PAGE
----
Various types of accounts are offered by Banks in India namely Fixed Deposit Account, Recurring Deposit Account, Savings Accounts, Public Provident Fund Account, etc. But the interest calculation differs from account to account. For instance interest calculation under PPF account is happens on monthly basis while Fixed Deposit interest gets compounded quarterly. However, the calculation of interest is same across all banks for same type of account i.e. calculation of interest on fixed deposits is similar for every bank whether private or public.

We often try to match the interest figures appear in bank passbook or online bank statement but we fail to do so because the formula may be same but the frequency or the time period for calculating the interest may be different which results is non-matching of the interest figure.

Table of Contents

## Let’s see how bank calculate interest on various accounts:

### Interest Calculation on Fixed Deposits:

The formula is

*Maturity Value (A) = P x (1 + r/n) ^{nt}*

Here,

- P = Principal Amount
- R = Rate of Interest
- T = Time Period
- N = Number of Times i.e. Compounding Frequency

For Example, SBI provides interest rate of 8% on a fixed deposit of ₹ 1 lakh for a period of 5 years with quarterly compounding of interest. Now, the maturity value and the interest on the fixed deposit in question will be calculated as follows:

Maturity Value (A) = P x (1 + r/n)^{nt}

= 100000 x (1 + .08/4)^{4*5}

= 100000 x (1 + .02)^{20}

= 100000 x 1.485947396

= ₹ 1,48,594.74

Interest Earned = Maturity Value (A) – Principal Amount (P)

= ₹ 1,48,594.74 – ₹ 1,00,000

= ₹ 48,594.74

*“Greater the Compounding Higher the Interest.”*

**Read Save Long Term Capital Gain Tax through Capital Gains Accounts Scheme**

### Interest Calculation on Recurring Deposits:

The formula for calculating interest on recurring deposits is similar to fixed deposits. Each deposit/instalment of Recurring Deposit is considered as a separate deposit and interest is calculated on each deposit for remaining period of time.

*Maturity Value (A) = P x (1 + r/n) ^{nt}*

For example, Central Bank of India provides interest rate of 7.25% p.a. on recurring deposits for 2 years with monthly deposits of ₹ 5,000. Let’s calculate the maturity value and interest amount.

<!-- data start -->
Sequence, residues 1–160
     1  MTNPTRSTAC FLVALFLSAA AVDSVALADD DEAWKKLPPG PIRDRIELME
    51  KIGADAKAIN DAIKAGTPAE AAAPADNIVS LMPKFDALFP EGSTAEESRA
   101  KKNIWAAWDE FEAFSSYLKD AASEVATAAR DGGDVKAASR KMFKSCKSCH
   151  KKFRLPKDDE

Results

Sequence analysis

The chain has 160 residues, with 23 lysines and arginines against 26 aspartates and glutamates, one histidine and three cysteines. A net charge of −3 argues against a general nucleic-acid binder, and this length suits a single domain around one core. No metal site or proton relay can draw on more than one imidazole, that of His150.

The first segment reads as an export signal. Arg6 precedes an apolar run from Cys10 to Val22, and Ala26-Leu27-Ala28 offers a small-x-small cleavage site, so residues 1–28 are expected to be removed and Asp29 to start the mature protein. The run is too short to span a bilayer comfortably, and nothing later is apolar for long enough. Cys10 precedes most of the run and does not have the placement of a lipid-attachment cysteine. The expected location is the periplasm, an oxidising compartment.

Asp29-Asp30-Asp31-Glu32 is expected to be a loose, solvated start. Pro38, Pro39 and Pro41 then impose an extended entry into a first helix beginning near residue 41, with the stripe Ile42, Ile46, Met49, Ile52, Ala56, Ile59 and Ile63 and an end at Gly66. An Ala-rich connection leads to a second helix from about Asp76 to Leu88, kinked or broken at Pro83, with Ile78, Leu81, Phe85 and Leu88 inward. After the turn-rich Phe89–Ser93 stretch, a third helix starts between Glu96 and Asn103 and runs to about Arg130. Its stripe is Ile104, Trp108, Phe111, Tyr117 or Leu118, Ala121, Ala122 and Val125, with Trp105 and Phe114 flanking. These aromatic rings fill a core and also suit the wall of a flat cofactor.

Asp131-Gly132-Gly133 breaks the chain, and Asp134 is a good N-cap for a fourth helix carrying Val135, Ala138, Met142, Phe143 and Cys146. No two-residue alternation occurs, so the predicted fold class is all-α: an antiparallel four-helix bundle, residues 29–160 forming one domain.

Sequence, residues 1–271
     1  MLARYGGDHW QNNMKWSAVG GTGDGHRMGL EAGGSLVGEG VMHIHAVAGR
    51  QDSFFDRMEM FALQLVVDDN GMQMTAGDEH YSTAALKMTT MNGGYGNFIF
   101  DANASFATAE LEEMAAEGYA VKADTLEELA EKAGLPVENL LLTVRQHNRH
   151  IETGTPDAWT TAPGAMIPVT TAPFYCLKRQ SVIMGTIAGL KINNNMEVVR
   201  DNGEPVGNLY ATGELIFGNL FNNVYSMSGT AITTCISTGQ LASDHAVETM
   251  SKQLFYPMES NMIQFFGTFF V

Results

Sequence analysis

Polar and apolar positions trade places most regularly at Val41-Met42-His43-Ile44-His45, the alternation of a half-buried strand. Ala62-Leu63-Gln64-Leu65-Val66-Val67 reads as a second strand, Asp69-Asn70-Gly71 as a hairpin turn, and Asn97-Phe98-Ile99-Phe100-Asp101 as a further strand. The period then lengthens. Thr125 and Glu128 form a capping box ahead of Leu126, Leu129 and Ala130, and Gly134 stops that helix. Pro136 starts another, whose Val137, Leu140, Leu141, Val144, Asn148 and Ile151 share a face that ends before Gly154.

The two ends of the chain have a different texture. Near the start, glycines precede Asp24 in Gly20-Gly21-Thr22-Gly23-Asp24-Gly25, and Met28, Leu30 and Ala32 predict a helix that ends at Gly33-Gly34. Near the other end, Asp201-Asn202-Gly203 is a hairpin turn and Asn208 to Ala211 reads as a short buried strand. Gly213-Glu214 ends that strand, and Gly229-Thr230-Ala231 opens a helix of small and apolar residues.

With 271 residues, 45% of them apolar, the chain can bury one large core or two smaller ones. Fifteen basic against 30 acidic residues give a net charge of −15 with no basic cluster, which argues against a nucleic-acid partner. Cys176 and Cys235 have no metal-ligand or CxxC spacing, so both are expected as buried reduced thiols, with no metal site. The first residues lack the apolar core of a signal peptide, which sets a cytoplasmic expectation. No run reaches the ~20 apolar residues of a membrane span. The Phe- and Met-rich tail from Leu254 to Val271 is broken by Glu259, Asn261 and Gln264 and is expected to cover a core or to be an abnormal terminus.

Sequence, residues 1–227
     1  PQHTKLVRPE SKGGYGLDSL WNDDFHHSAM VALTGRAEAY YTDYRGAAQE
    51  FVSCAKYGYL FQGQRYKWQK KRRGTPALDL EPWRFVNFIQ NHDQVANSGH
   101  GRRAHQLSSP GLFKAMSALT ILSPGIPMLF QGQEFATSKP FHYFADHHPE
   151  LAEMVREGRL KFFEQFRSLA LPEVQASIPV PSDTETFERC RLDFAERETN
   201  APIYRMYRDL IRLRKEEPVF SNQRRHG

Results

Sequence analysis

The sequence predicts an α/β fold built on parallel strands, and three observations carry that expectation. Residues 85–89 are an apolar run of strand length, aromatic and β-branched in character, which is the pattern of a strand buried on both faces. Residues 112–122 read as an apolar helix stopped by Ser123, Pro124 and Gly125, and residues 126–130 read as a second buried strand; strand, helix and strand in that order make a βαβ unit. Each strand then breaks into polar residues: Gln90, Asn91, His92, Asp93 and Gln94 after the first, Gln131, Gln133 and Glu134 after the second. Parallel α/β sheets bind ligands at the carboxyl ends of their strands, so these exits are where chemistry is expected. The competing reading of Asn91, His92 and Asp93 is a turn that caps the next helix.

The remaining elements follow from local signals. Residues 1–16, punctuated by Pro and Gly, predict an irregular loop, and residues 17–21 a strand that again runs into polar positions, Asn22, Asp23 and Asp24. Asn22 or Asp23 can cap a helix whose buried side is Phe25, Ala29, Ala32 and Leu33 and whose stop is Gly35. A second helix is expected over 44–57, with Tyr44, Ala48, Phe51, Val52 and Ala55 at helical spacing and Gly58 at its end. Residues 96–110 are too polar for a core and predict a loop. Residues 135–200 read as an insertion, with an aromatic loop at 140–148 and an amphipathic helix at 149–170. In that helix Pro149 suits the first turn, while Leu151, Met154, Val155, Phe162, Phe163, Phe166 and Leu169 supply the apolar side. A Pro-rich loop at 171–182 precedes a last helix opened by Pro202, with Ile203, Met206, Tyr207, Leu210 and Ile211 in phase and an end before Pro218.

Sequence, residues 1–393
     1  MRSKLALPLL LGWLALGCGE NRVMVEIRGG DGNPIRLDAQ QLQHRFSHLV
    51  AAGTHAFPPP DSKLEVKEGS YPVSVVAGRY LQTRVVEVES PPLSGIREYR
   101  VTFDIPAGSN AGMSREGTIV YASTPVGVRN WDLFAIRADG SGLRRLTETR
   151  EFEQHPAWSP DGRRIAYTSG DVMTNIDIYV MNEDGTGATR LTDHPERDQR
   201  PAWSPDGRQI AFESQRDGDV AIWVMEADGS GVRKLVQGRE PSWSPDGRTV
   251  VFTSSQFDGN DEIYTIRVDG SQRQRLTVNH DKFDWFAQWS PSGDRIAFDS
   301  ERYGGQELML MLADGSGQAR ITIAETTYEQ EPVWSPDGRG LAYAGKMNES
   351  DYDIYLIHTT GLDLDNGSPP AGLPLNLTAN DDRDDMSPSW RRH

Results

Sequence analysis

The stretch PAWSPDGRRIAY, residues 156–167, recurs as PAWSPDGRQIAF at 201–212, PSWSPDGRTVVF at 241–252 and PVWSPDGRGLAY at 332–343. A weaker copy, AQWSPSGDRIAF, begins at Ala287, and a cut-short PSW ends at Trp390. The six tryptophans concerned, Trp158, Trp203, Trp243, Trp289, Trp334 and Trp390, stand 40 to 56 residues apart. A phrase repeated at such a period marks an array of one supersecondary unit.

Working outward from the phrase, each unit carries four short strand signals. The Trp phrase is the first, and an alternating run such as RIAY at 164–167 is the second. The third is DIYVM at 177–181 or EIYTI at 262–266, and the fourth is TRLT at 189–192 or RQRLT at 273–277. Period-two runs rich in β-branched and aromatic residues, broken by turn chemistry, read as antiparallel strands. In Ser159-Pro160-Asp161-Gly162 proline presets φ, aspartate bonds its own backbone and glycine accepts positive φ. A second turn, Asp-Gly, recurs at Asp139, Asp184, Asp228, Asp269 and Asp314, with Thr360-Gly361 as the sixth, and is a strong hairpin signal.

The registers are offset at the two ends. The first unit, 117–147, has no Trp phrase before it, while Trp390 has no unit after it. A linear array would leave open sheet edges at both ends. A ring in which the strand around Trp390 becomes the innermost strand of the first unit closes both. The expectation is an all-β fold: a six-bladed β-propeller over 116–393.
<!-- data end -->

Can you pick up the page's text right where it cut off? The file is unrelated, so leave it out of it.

- Here (P) is each instalment = ₹ 10,000
- Rate of Interest (r) = 7.25% = 0.0725
- Number of Period (t) = 2 years
- Frequency of Compounding Interest (n) = 4 (quarterly)

As per the above calculation the maturity value comes to ₹ 1,29,437 and interest earned on recurring deposits is ₹ 9,437.

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### Interest Calculation on Public Provident Fund:

Interest calculation on contribution towards Public Provident Fund is calculated on the monthly basis on the amount deposited in between 1^{st} to 5^{th} of the respective month plus the balance carried forward from the last month.

Let’s understand the interest calculation with three different prospects i.e. single contribution before 5^{th} of the month, monthly contribution before 5^{th} of the month and monthly contribution after 5^{th} of the month. The current interest rate offered on PPF is 8% p.a. which gets revised on quarterly basis.

#### Single Contribution of ₹ 1,20,000 on or before 5^{th} of April

#### Monthly Contribution of ₹ 10,000 before 5^{th} of April

#### Monthly Contribution of ₹ 10,000 after 5^{th} of April

From the above calculations it is easily visible that to maximise the interest on PPF, contribution needs to be made on or before 5^{th} of April month either lump-sum (if possible) else on monthly basis.

The interest earned in PPF is not compounding i.e. it is a simple interest on the balance amount standing on the 5^{th} of month without the interest amount. The interest earned in the year is credited only at the end of the year and considered for calculation for the next year.

### Interest Calculation on Savings Account:

The interest is calculated on daily basis on the closing balance standing at the end of the day in the savings account and gets credited in the account on quarterly basis. For example Sanyam having savings account balance of ₹ 1,50,000 on 1^{st} May, withdraws ₹ 1,00,000 on 10^{th} May and deposited ₹ 75,000 on 25^{th} May. Now the interest earned by Sanyam on savings account for the month of May is calculated as follows:

There are few banks which provide higher interest rate if the balance in the savings account exceeds ₹ 1,00,000. Some provides higher interest rate of 5% p.a. while some provide 6% p.a. The interest calculation in this case will be as follows:

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#### Words of Wisdom

All the above accounts are offered by banks thus minimizes the risk of default however each type of account has its own pros and cons. Fixed Deposits gives higher interest but has certain locked-in period. Recurring deposits is good for the housewives or small shopkeepers but has low interest rates.

On the other hand savings account is not at all suitable for keeping high balances instead one should go for flexi savings account in which if the amount exceeds the certain pre-mentioned limit, a fixed deposit is opened for the excess amount to fetch higher interest rate. In case, the savings account balance goes below the pre-mentioned limit, the last FD gets broken and credited to the savings account to meet the minimum balance requirement.

Public Provident Fund provides the higher interest rates as well as falls in EEE category of tax i.e. Contribution – Exempt, Yearly Accrued Interest – Exempt and lastly maturity amount – Exempt, but due to the lock-in period of 15 years, PPC account should be associated with longer-term financial goals such as child education or marriage, retirement fund etc.